Five Lessons from Manchester United's 1-0 Defeat to Galatasaray

Mark Froggatt@@Mark_FroggattFeatured ColumnistNovember 20, 2012

Five Lessons from Manchester United's 1-0 Defeat to Galatasaray

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    Manchester United suffered a first loss of the 2012/12 UEFA Champions League campaign on Tuesday, going down 1-0 to a competitive Galatasaray side in Istanbul.

    Burak Yilmaz scored the only goal of the game to seal victory for the Turkish giants, rising above Darren Fletcher to head past Anders Lindegaard and bag his fifth goal of the competition.

    The result, although disappointing at first glance, has little significance for Reds supporters as qualification through to the knockout stages was already secured prior to kickoff and Sir Alex Ferguson will no doubt have been encouraged by his team’s spirited display.

    Here, I critique the action at the Turk Telekom Arena and consider what can be learned from Tuesday’s defeat on the continent.

Galatasaray Away Remains an Intimidating Fixture

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    Prior to kickoff on Tuesday, much had been made of Manchester United’s return to Istanbul following the Reds now infamous trip to Turkey in the early 1990s when Sir Alex Ferguson’s side were ‘greeted’ by thousands of locals holding aloft banners entitled ‘Welcome to Hell’.

    Back then, Galatasaray played their football in the Ali Sami Yen stadium, an old-fashioned ground that shook to the bone under the pressure of a capacity crowd. Now, they have moved to the modern and innovative Turk Telekom Arena.

    As United found out, the architecture is considerably different, but the decibel count remains the same. With thousands of passionate, rowdy home fans packed inside the stands, a youthful Reds team coped admirably under remarkable strain in Istanbul.  

Sir Alex Ferguson Still Has Faith in Youth

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    As top spot in Group H was already sealed prior to kickoff, Sir Alex Ferguson opted for youth against the Turkish giants and, despite the result, will have been encouraged by his team’s spirited display.

    For large parts of Tuesday’s fixture, United controlled possession in an attempt to silence a partisan crowd and the 1-0 scoreline was perhaps an injustice considering the flow of the game.

    With an average age of just 24, the Reds showed admirable composure and maturity under intimidating circumstances as several young players, most notably Nick Powell, delivered fine performances.

    Of course, Ferguson has always placed his faith in younger players, holding the belief that if you place your trust in youth then you will be rewarded for doing so. This theory was proven on Tuesday.

Nick Powell Has a Bright Future at Manchester United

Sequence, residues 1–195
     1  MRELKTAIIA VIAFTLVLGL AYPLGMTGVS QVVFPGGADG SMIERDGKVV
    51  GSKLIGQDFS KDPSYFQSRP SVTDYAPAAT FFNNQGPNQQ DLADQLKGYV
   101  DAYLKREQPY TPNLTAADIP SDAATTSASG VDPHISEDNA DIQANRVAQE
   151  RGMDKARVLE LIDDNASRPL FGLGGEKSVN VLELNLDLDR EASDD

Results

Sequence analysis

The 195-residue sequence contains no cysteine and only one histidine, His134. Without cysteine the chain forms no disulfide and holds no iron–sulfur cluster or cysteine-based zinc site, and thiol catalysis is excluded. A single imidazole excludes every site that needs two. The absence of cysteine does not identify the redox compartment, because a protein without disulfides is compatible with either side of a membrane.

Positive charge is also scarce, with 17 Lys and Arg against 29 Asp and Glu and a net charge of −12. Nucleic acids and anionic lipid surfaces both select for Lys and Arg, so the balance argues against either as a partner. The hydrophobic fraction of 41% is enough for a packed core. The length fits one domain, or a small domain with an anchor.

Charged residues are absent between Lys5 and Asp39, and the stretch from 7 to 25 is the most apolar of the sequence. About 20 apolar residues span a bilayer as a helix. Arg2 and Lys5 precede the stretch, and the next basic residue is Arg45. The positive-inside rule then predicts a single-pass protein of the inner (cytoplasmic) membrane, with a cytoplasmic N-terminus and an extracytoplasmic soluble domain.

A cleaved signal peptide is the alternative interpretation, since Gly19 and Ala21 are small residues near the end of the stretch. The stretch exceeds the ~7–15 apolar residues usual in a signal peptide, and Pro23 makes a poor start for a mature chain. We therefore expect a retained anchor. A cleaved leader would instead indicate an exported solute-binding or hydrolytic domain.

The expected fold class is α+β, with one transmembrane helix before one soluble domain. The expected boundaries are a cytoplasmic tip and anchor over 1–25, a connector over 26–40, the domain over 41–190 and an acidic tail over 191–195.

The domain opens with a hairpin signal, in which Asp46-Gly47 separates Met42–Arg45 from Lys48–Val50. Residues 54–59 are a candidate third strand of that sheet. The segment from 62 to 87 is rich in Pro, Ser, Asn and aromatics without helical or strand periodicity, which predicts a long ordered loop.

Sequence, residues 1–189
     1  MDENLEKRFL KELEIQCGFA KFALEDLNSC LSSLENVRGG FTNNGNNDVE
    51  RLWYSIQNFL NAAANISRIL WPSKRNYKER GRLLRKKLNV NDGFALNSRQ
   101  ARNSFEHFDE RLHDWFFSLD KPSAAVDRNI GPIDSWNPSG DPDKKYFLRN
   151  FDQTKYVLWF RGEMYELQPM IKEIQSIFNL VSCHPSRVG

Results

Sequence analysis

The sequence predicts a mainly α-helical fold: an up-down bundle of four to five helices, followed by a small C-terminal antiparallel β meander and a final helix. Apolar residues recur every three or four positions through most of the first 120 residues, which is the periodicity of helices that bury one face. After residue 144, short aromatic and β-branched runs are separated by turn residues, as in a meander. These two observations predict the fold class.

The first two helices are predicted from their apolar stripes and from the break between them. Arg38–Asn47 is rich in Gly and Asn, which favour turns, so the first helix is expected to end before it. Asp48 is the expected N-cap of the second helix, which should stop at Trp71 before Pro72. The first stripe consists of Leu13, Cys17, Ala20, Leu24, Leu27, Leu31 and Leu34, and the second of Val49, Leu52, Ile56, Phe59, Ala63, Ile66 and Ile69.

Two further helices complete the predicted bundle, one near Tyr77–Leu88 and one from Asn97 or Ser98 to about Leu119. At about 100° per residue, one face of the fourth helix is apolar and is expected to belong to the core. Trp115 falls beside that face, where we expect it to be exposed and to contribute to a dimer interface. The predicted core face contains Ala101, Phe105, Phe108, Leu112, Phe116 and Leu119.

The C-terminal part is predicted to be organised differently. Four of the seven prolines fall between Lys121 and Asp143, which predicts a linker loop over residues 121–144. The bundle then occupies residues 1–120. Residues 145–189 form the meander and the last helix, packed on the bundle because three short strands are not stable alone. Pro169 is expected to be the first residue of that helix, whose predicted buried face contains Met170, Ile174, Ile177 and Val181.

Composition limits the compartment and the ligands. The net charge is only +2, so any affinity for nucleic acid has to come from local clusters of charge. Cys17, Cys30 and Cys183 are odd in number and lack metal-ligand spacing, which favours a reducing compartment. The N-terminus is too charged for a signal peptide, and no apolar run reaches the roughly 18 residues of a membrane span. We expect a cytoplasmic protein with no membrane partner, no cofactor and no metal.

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    ‘Making it’ at Manchester United is a troublesome task, yet Nick Powell is making it look easy.

    With a drop of a shoulder and the swipe of a right boot, the 18-year-old made an instant impact during his goalscoring Old Trafford debut against Wigan. Then, on Tuesday night against Newcastle, the summer recruit enhanced his burgeoning reputation with a classy, mature display. 

    In June, when Powell first joined the Reds from Crewe, Alexandra’s academy director Dario Gradi optimistically compared his star pupil to Old Trafford greats Eric Cantona and Wayne Rooney, describing the 18-year-old as “a real match winner who has got everything going for him.”  

    In Istanbul, the young forward was a standout performer on the full United debut, showing great promise in the final third and almost handing his side the lead after 41 minutes, heading off the crossbar to much despair. It’s early days, but Powell looks the real deal.

Phil Jones Needs Time, Not Expectations

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    Since arriving at Old Trafford in the summer of 2011, Phil Jones has been compared with greats of Manchester United, Spain and Italy with several pundits linking the former Blackburn defender with the likes of Duncan Edwards, Fernando Hierro and Franco Baresi.  

    This is not a beneficial tactic as, quite simply, it brings an enormous amount of pressure. The same can be said for those who expect the young Englishman to walk back into the Reds’ starting team following several months watching from the sidelines with injury.

    Granted, Jones made an impressive return against Galatasaray on Tuesday and is a welcomed addition to United’s defensive ranks. But his lack of match sharpness was, as was expected, exposed on several occasions and he will need time and minutes to improve. Patience is the key.

Anders Lindegaard Is an Able Deputy for David De Gea

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    This season, and for the most part of last, Sir Alex Ferguson has opted to rotate perceived number one goalkeeper David De Gea with Danish stopper Anders Lindegaard, a tactic that has raised eyebrows among some pundits and supporters of Manchester United.

    However, following another impressive performance at the Turk Telekom Stadium on Tuesday, Lindegaard continues to flaunt his credentials and maintain a promise that he is not at Old Trafford “to pick his nose.” Quite simply, he wants to start.

    The Dane, selected in De Gea’s absence as the Spaniard recovers from dental treatment, pulled off several tidy saves against Galatasaray and, most notably, executed a brilliant stop just second prior to conceding what became the winning goal.

    This was the display of a man desperate to impress, causing another serious headache for Ferguson. But whichever way the boss goes against QPR on Saturday, fans can solace in the fact that both options are highly creditable.